We have no report of precisely what the shepherds saw that night. we are told that “the glory of the Lord shone round about them.” They saw light; they saw brightness, even as the disciples saw it on the Mount of Transfiguration. we shall one day see that same glory, even as did St. Stephen and St. Paul.
But the glory of the Lord still shines—unnoticed by most, even by those who bear the name “Christian.” where does that glory shine? Under a veil, as it were, in and through the word of the Lord. Between the covers of that book that we call the Bible there can be seen the very same glory that pierced the darkened sky the night our Saviour was born. That glory goes unobserved by most because they despise this book as just another book written by erring men. When church people also mutilate the book, rejecting whatever displeases them, inserting their own notions, adjusting what is written to their own personal prejudices, how can such behold on those pages the glory of the Lord?
When the shepherds saw the glory of the Lord that night, “they were sore afraid.” Do you think that you or I would have reacted in any other way? Centuries before when Isaiah saw the glory of the Lord, he cried out, “Woe is me! for I am undone; because I am a man of unclean lips, and I dwell in the midst of a people of unclean lips: for mine eyes have seen the King, the Lord of hosts.” Isaiah 6:5. The involuntary, natural response of sinful man to the glory of the Lord is always, and without exception, fear. God knows this. That is why the revelation of His glory is accompanied by the re-assuring words: “Fear not.” That was the heavenly message the night the shepherds saw that glory. The glory still shines, so the message is still needed.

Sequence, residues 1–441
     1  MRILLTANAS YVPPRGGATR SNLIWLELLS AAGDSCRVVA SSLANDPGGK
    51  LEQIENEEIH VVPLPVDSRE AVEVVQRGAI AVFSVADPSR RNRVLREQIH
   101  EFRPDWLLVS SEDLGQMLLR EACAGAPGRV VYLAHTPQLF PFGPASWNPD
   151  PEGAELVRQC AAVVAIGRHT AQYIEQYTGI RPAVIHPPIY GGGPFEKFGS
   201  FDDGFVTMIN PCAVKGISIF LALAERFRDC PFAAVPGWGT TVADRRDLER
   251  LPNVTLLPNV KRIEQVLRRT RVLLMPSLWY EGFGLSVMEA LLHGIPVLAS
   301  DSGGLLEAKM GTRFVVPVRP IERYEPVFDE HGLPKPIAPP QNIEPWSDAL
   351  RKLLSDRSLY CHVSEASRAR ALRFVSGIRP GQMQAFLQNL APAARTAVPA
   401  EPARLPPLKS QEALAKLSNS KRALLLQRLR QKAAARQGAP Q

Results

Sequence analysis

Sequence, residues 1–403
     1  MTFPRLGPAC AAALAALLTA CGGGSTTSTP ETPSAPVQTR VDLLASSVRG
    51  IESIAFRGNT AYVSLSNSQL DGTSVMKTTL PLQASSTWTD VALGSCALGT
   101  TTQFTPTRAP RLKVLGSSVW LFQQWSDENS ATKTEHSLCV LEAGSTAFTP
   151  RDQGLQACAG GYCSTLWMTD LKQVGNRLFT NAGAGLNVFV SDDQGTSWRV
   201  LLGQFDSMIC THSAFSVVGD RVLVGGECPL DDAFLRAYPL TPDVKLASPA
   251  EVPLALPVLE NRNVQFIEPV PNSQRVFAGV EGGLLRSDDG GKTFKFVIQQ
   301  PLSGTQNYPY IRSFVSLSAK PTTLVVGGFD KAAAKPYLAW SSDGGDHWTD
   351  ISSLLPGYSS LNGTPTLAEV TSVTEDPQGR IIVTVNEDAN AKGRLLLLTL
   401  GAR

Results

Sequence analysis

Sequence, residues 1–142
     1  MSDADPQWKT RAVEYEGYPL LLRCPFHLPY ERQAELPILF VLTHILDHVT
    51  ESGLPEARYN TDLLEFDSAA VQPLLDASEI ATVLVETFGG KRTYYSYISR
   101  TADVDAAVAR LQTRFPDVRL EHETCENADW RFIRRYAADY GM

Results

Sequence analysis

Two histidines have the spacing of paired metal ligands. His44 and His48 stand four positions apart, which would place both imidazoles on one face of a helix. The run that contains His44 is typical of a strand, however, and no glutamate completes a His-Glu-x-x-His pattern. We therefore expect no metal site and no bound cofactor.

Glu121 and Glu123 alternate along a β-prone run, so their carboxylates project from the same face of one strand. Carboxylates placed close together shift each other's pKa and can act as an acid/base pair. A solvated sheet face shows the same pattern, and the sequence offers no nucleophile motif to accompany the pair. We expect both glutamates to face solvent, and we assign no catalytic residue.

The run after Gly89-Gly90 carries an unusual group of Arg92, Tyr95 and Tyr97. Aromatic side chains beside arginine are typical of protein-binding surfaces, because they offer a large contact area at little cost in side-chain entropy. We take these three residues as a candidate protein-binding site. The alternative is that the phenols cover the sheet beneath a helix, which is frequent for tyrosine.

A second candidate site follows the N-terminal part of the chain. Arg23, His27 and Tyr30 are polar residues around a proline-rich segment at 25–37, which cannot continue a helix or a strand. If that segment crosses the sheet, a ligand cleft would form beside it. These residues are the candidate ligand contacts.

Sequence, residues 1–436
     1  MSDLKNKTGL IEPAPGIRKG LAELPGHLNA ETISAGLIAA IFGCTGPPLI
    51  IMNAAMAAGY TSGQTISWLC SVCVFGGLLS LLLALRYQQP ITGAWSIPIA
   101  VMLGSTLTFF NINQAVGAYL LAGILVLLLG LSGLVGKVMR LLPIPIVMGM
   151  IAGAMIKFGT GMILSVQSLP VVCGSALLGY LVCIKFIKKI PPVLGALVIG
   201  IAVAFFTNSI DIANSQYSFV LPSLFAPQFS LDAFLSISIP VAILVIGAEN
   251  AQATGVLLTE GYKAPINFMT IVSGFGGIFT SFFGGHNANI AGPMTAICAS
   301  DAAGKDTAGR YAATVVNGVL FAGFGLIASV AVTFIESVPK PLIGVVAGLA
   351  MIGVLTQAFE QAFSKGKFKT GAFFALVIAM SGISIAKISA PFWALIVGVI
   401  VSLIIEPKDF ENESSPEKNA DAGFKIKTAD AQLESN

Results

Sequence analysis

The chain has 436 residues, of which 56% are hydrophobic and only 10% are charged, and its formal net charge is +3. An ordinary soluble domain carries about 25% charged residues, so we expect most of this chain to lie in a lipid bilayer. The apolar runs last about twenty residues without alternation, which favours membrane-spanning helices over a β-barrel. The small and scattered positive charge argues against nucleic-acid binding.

What is it that causes fear whenever God draws back the curtain and reveals His glory? It is the guilty conscience of man, the sinner, in the presence of the holy God that causes the sinner to fear. The world is full of people who deny the very existence of God. There are many people who laugh and mock at the idea of their own accountability before the holy God. There are many who imagine that they are good enough and better to stand in the presence of the holy God. But when the Lord shall come in His glory at the end of time, all these shall shake and quake in their boots. They too shall be sore afraid. They shall shake with terror and become stiff with dismay and dread. The bravest and boldest shall melt as wax.